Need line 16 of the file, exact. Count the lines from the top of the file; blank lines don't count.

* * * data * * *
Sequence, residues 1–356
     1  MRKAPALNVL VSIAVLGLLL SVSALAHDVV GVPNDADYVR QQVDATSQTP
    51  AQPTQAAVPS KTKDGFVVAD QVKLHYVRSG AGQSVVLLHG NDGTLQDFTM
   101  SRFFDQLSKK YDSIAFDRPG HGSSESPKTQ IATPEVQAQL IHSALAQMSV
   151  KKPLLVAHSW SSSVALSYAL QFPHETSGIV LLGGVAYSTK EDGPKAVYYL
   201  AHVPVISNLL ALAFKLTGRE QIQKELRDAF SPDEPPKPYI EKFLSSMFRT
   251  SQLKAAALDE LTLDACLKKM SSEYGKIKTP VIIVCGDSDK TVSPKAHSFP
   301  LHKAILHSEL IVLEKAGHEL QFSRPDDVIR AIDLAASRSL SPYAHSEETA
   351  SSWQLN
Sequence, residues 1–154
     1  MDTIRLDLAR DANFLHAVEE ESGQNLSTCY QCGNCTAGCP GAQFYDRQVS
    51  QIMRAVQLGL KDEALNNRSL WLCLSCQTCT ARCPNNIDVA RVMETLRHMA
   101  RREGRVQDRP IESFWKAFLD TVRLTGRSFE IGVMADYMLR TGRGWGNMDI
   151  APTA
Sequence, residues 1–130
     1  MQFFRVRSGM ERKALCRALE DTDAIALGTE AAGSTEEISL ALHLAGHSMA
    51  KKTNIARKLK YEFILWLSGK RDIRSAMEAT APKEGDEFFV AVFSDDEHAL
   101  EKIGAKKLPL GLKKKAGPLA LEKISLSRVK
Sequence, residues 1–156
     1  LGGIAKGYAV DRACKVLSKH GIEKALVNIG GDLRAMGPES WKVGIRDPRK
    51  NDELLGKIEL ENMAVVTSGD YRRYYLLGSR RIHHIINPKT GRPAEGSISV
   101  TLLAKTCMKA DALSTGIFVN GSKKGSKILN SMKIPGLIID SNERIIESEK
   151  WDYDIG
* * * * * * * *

     1  MQFFRVRSGM ERKALCRALE DTDAIALGTE AAGSTEEISL ALHLAGHSMA